Ian Katz to leave Guardian for editor role at BBC Newsnight

Ian Katz the long-time deputy editor of The Guardian and heir apparent to Alan Rusbridger is to leave the paper and take up the top job at 'Newsnight', the BBC's troubled current affairs flagship.

Ian Katz: joins the BBC
Ian Katz: joins the BBC

Katz has worked at the Guardian since 1990. He will replace Peter Rippon who was a casualty of the programme's shelved Jimmy Savile abuse story.

The Guardian journalist is one of a number of high profile senior appointments at the BBC that have been made in recent weeks by new director general Tony Hall.

In February former Labour culture secretary, James Purnell, was appointed as director of strategy and digital, which also includes the corporation's marketing division.

The arrival of Purnell was followed last month by that of former Times editor, James Harding, who was named the BBC's new director of news and current affairs.

Harding resigned from The Times in December after it was made clear to him that Rupert Murdoch wanted a new editor for the paper that he had edited for five years.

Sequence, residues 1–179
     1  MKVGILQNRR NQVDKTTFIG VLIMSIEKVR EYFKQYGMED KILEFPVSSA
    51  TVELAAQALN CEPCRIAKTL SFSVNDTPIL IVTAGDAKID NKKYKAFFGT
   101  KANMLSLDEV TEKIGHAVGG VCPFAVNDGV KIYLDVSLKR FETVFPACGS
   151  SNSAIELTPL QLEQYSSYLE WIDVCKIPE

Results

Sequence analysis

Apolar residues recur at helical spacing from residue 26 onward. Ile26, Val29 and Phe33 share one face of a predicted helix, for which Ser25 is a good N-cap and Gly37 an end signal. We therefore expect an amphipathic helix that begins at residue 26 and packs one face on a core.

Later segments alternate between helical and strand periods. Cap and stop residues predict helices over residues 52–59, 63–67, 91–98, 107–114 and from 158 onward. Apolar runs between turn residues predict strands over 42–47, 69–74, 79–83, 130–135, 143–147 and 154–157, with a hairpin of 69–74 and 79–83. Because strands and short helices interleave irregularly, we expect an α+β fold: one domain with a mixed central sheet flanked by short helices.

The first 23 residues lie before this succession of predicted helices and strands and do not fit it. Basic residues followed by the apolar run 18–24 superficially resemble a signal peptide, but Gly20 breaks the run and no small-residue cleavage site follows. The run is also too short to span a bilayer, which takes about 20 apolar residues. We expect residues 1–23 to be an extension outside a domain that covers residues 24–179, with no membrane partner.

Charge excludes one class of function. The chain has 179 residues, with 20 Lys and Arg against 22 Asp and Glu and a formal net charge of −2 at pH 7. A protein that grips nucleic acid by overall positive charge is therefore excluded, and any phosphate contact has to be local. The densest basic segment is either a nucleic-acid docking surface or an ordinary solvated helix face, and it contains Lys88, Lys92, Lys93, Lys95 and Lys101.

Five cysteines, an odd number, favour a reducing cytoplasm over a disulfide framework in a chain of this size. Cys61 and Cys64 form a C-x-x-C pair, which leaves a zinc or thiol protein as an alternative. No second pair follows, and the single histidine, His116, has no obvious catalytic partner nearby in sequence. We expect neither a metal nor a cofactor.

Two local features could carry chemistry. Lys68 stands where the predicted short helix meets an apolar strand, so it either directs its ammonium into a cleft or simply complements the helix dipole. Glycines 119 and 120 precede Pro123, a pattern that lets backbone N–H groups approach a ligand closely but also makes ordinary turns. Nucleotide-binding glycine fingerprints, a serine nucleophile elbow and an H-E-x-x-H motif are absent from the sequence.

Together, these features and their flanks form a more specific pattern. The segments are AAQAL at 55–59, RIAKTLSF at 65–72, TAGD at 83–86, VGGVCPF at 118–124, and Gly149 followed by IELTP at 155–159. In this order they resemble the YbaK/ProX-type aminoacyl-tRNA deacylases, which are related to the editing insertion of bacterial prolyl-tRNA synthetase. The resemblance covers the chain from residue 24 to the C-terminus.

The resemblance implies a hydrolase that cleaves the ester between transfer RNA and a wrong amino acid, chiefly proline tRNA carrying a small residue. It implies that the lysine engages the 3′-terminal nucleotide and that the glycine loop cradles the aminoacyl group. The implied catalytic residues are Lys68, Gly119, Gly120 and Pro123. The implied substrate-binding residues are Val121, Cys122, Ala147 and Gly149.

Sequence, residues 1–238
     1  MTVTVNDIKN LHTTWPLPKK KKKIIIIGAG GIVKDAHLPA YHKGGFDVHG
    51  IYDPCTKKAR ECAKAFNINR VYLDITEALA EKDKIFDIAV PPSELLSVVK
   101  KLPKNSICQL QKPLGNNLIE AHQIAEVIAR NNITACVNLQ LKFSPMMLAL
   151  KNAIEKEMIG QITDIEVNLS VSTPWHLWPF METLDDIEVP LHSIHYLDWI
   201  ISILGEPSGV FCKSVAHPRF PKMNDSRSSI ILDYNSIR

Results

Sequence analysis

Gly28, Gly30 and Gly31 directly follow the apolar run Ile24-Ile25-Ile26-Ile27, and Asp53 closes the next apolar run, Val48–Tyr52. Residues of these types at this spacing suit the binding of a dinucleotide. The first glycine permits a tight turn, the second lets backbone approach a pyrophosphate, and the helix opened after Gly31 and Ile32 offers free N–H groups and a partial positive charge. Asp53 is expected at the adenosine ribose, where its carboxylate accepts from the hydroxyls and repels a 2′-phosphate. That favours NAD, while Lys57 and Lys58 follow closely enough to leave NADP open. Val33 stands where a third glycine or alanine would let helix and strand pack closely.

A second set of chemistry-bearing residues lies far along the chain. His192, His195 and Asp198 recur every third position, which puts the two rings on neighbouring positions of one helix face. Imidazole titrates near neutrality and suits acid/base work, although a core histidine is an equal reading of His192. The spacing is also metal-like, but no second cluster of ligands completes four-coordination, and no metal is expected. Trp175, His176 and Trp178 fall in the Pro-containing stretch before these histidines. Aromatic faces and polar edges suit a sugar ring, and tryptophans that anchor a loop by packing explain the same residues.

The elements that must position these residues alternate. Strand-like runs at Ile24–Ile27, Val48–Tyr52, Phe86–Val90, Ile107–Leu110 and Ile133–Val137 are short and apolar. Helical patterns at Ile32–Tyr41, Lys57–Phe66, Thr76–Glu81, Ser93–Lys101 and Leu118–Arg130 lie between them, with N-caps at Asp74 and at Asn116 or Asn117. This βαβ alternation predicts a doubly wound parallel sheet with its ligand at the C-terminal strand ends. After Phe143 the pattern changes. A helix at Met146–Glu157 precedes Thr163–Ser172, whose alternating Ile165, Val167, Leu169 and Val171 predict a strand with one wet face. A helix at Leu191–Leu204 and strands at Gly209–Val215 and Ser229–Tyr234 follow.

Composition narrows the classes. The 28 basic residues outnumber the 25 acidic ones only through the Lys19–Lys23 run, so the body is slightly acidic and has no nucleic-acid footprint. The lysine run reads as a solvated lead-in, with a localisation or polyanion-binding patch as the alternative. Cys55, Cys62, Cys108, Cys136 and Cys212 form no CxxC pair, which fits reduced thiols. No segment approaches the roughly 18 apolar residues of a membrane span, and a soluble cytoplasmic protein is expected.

Neither Harding nor Katz are known for their broadcast experience, but both are highly regarded journalists who will be seen as being able to shore up the BBC's battered news credentials following the Savile debacle.

Katz, said: "I'm incredibly excited to be joining a programme I've watched and loved all my adult life. It's had serious and well publicised problems over the last year but I'm looking forward to working with the hugely talented team to make it once again the world's most intelligent, sophisticated and exciting news programme.

"It's been a huge privilege to work at the Guardian through some of the biggest stories in its modern history, and to work with Alan Rusbridger, who has taught me most of what I know about journalism."

Katz joined the Guardian in 1990 and worked as the paper's features editor, foreign correspondent and later editor of the Saturday edition of the paper before become deputy editor.

It was long thought that he would succeed Rusbridger when he retires, but the 59-year-old shows no signs of wanting to leave the editor's chair.

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